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Generosity Economy is a gift for all

In her letter to the editor, Susan Bachelder of Egremont writes: "New England is blessed with great resources in culture, education and many working farms. We are also Yankees and the Generosity Economy is based on an old saying of my Aunt Julia – 'Use a little; Save a little; Pass a little on'. "

To the Editor:

From Walter Isaacson, CEO of Aspen Institute comes word that Bitcoin and its ilk will be a disruptive factor in the finance sector in 2015. An inexpensive micropayment system that will allow direct purchase of news, entertainment, and small item exchange, thereby disrupting the money trail that generates handling fees for banks or PayPal, Amazon and Apple, bitcoin-style systems will upend our method of small exchanges. This would allow artists, small entrepreneurs, newspapers, and journals, to charge a fee per use, rather than looking for subscriptions.

Isaacson has his sights on the cable industry as the next “too big to fail” failure when micropayment takes off and we can pay a reasonable price per show, and not pay for channels we don’t watch. I hope he is right.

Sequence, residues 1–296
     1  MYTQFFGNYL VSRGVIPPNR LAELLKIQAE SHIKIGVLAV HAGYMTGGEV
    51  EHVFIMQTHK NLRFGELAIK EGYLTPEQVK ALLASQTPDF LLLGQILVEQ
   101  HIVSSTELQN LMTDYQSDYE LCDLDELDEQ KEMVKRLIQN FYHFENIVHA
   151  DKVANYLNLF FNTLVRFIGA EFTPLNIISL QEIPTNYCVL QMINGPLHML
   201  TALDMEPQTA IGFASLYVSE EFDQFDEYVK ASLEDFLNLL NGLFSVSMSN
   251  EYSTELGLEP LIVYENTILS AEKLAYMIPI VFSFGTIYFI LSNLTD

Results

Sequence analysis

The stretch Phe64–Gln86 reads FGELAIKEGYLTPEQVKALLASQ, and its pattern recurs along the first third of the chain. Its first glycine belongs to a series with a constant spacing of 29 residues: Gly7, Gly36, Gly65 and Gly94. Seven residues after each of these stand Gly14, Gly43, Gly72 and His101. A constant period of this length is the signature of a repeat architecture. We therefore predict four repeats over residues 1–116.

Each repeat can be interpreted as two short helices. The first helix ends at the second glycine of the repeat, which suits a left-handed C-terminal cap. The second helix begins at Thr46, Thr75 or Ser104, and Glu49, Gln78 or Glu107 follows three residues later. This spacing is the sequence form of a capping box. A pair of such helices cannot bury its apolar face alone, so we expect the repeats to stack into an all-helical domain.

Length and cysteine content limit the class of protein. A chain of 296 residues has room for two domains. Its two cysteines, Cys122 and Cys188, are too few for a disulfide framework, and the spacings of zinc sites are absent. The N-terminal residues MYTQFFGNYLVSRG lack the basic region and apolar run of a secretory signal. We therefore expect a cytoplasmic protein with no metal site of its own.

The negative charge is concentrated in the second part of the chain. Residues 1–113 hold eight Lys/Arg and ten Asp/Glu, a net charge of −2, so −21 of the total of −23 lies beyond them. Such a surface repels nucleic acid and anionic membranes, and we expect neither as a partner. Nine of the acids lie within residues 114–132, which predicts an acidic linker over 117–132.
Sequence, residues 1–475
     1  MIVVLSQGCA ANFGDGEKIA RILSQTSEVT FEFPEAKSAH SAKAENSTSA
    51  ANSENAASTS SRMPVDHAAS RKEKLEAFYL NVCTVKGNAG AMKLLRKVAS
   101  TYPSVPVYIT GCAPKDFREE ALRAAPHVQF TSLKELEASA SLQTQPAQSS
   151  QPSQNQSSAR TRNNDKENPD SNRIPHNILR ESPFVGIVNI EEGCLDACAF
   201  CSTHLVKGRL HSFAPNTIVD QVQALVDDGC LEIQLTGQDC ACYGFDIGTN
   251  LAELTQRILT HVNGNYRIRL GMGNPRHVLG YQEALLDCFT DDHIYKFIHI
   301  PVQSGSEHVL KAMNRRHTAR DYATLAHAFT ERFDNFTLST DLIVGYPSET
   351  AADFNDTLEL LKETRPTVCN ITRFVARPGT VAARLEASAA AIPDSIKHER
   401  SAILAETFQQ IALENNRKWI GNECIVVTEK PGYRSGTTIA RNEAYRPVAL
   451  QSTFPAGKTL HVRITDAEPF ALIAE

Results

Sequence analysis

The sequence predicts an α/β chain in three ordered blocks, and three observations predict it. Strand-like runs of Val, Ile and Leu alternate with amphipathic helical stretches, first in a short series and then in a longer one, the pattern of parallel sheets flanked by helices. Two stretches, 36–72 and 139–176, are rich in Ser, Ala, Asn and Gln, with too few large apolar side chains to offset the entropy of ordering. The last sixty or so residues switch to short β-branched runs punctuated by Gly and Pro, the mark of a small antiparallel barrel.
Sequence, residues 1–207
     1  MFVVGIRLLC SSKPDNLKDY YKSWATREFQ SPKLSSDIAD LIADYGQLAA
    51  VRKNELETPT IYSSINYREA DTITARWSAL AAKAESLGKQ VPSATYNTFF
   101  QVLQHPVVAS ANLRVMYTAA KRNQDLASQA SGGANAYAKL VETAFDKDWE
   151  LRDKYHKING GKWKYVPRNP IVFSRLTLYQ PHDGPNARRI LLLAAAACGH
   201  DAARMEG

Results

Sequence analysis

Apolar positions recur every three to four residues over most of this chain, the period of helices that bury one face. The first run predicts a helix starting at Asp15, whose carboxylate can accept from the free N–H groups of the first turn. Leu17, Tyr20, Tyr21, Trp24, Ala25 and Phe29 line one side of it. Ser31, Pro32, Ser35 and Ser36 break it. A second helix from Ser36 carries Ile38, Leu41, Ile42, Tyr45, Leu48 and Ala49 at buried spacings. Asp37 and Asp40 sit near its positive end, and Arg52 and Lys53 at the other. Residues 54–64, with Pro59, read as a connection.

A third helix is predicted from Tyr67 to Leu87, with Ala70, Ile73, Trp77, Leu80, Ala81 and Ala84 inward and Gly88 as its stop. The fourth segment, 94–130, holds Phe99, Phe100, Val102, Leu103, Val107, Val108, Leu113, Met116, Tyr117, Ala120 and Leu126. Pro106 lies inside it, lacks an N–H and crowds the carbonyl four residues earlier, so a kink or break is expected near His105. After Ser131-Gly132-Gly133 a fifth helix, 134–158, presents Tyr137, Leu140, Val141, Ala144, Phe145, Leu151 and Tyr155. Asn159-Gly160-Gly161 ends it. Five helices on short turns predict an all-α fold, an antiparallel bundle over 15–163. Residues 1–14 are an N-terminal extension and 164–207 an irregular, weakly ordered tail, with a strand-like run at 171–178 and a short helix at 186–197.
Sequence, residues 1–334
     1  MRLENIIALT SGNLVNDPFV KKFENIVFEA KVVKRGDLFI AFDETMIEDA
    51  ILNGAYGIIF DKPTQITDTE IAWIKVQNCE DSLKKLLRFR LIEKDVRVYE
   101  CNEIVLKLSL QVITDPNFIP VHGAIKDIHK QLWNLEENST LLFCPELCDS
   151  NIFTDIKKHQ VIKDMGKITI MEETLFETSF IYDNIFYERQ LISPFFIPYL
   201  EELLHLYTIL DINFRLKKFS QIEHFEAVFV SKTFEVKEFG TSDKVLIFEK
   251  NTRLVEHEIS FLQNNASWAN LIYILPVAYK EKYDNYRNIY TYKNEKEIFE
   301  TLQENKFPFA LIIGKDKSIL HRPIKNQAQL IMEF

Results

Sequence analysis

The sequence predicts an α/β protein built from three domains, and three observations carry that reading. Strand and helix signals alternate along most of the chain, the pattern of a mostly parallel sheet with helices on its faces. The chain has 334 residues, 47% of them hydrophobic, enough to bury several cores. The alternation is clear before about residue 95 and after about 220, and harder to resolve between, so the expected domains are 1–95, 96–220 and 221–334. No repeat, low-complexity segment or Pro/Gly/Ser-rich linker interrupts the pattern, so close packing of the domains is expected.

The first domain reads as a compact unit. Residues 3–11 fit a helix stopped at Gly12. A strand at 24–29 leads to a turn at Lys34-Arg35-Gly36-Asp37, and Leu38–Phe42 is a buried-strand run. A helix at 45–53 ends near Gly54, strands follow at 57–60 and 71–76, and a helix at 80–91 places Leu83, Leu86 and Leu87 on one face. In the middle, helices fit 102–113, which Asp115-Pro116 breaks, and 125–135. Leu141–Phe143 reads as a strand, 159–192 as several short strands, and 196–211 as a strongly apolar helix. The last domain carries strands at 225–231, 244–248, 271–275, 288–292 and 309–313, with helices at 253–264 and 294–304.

At the other end of the spectrum is “The Generosity Economy,” a group of fellow citizens you highlighted here in The Edge. New England is blessed with great resources in culture, education and many working farms. We are also Yankees and the Generosity Economy is based on an old saying of my Aunt Julia – “Use a little; Save a little; Pass a little on.”

Before the Templars invented banking and “credit cards,” more was done through barter and gifting. Gifting items through the local community several times based on use and personal need, the Generosity Economy is another re-ordering of our relationship to our labor and the method of exchange we choose to employ in its transfer.

But whether we continue to swipe the plastic, spend our Bitcoin online, or trade home made sauerkraut (yum!) for lessons in calligraphy, the financial ground is shifting in the way we come to market and how we meet our needs. What is essential is a free and secure Internet upon which to act. I have just sent a contribution to my IP Mozilla. I would urge all of us to remember the wind beneath our collective wings as global and local economies share space on the Internet.

With best wishes for a happy and prosperous New Year.

Susan Bachelder

Egremont

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